For all of you who didnít already know, FIMO is a polymer clay, sort of like plasticine except it isnít all greasy and you can cook it hard in the oven. Basically my hobby is modelling FIMO to make little figurines. FIMO comes in many colours but recently Iíve been using a light grey colour so as to draw attention not to the colour of the FIMO but to the shape of the figure that I made. After the FIMO has been cooked for about half an hour it is hard and can be sanded, cut, drilled and even painted although I have yet to do any of these things to my FIMO.
Here are a few examples of FIMO figure I have made:
|This is the first FIMO sculpture I've done in years. I've actually been making people out of bluetack and decided I wanted something more permanent so I switched to FIMO.|
|I made this for my brother who wanted a monkey|
|This is a sculpture of Dr Karl which I made for the ABC radio Archibald prize, a competition which will be in its fourth year this year if they actually announce it.|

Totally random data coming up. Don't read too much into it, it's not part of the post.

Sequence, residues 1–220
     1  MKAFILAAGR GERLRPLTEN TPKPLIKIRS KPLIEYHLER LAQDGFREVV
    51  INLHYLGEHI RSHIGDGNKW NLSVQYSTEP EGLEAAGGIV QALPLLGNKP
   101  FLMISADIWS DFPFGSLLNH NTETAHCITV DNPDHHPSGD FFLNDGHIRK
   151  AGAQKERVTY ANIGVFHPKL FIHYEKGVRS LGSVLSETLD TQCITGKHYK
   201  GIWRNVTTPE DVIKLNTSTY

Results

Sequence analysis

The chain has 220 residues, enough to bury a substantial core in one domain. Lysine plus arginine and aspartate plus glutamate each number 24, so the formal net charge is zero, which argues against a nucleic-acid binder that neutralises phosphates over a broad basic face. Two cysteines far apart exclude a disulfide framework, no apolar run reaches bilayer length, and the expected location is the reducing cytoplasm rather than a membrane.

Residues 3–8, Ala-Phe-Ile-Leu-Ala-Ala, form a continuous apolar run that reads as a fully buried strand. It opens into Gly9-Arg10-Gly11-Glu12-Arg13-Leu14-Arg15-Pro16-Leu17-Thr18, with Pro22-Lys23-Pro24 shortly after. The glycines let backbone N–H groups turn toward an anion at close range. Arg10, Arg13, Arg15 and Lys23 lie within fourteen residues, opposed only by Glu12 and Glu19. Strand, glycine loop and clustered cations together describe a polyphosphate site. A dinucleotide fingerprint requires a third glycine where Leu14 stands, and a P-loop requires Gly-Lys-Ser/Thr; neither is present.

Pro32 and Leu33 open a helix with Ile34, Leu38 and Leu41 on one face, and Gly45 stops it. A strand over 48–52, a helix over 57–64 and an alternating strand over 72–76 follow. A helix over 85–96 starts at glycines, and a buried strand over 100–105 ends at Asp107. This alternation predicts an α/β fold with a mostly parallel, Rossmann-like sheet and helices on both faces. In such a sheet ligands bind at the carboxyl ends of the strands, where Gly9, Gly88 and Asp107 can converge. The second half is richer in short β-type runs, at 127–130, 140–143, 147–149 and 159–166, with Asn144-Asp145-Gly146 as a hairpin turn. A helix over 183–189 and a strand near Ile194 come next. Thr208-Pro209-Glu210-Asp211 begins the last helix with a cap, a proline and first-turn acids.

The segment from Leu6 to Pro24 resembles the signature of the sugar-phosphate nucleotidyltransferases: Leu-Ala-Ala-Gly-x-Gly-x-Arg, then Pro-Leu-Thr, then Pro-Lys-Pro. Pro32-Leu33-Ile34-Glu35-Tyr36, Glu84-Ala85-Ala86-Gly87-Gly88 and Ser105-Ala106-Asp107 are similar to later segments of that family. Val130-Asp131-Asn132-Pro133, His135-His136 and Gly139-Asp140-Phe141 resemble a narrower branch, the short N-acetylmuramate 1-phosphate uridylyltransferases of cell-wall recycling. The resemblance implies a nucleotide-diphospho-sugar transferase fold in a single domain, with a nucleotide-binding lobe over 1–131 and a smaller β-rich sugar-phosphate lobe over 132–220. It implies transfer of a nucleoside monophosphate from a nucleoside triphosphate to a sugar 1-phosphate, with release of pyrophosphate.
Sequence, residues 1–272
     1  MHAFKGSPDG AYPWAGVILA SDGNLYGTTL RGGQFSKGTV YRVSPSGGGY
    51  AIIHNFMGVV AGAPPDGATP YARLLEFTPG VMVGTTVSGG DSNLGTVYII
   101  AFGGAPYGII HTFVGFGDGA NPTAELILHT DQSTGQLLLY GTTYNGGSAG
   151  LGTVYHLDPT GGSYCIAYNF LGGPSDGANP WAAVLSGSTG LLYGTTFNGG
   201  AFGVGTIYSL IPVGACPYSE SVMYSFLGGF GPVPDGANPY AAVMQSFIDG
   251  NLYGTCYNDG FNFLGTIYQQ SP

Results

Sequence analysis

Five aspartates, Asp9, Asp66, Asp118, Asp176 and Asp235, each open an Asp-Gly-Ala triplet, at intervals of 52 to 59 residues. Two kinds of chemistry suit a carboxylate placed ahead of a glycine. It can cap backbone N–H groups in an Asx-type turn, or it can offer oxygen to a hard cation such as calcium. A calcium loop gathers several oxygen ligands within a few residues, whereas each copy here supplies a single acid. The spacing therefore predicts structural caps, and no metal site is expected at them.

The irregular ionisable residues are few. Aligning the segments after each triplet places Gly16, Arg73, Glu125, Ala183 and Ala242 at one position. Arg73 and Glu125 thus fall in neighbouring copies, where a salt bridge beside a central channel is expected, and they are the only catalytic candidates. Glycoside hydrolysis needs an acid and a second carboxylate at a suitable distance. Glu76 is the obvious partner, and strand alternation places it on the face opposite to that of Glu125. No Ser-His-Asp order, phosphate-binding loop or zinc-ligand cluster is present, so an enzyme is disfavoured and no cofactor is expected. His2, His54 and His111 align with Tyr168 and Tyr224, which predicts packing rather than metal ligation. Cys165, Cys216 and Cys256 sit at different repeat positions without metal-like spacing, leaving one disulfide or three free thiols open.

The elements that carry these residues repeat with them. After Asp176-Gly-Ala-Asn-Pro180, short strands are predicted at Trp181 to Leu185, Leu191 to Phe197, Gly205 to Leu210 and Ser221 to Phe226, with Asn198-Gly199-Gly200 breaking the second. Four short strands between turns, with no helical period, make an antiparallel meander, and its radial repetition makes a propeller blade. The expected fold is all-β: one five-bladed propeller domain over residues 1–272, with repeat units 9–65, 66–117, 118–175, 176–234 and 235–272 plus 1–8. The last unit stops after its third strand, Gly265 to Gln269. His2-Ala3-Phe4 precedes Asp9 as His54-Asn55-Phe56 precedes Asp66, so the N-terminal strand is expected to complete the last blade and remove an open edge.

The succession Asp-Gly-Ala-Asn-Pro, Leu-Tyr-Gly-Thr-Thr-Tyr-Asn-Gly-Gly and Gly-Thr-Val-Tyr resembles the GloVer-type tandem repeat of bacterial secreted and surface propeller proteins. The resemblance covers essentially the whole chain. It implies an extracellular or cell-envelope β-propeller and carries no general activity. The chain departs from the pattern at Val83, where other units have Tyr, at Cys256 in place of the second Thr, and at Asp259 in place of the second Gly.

|The first FIMO sculpture I made that actually looked like something. Hopefully you can tell it's a dinosaur.|
|My first attempt at a realistic looking animal.|
|One of the many penguins from the penguin faze I went through a number of years ago. Don't ask me why I did penguins, because I don't know.|
The tools I use to mould FIMO are a toothpick, a pin and a small metal rod. The toothpick I use for a large amount of the shaping of the sculpture. I make one part at a time then use the toothpick to moosh two pieces together. The pin is for the fine work such as the age lines on Dr Karl, eye pupils and hair. The metal rod is for smoothing over the roughness left by the toothpick and for making larger indentations in the FIMO, such as eye sockets.
Here are a few useful sites if you are interested in FIMO or polymer modelling clay:
Polymer Clay Central